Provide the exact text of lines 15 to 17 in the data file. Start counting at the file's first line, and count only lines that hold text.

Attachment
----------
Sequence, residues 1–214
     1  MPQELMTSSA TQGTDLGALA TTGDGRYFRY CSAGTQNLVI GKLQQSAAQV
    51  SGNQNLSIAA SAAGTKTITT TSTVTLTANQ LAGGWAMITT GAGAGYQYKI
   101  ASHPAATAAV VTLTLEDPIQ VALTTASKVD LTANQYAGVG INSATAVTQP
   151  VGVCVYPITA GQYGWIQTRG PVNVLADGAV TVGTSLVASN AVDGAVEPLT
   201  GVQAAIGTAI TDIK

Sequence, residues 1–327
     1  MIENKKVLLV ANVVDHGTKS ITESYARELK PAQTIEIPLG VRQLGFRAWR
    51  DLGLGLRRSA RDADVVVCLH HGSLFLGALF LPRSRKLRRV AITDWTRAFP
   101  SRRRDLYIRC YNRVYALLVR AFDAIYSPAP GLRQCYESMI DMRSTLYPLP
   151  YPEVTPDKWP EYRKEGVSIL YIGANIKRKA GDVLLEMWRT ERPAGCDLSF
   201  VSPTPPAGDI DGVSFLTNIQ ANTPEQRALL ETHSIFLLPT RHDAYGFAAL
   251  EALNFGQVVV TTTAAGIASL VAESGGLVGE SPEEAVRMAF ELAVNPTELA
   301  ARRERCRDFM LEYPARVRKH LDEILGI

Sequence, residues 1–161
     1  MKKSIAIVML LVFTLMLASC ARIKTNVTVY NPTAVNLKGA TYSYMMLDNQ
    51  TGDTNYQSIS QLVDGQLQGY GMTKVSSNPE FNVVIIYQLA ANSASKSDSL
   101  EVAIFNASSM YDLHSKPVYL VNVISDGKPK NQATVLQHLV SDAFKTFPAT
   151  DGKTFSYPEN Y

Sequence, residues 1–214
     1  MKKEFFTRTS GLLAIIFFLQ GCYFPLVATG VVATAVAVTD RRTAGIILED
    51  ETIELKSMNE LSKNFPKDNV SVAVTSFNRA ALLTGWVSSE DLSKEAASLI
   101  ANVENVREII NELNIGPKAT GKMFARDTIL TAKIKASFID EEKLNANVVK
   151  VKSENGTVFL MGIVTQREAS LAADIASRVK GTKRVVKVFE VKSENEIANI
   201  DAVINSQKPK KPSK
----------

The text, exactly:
Sequence, residues 1–161
     1  MKKSIAIVML LVFTLMLASC ARIKTNVTVY NPTAVNLKGA TYSYMMLDNQ
    51  TGDTNYQSIS QLVDGQLQGY GMTKVSSNPE FNVVIIYQLA ANSASKSDSL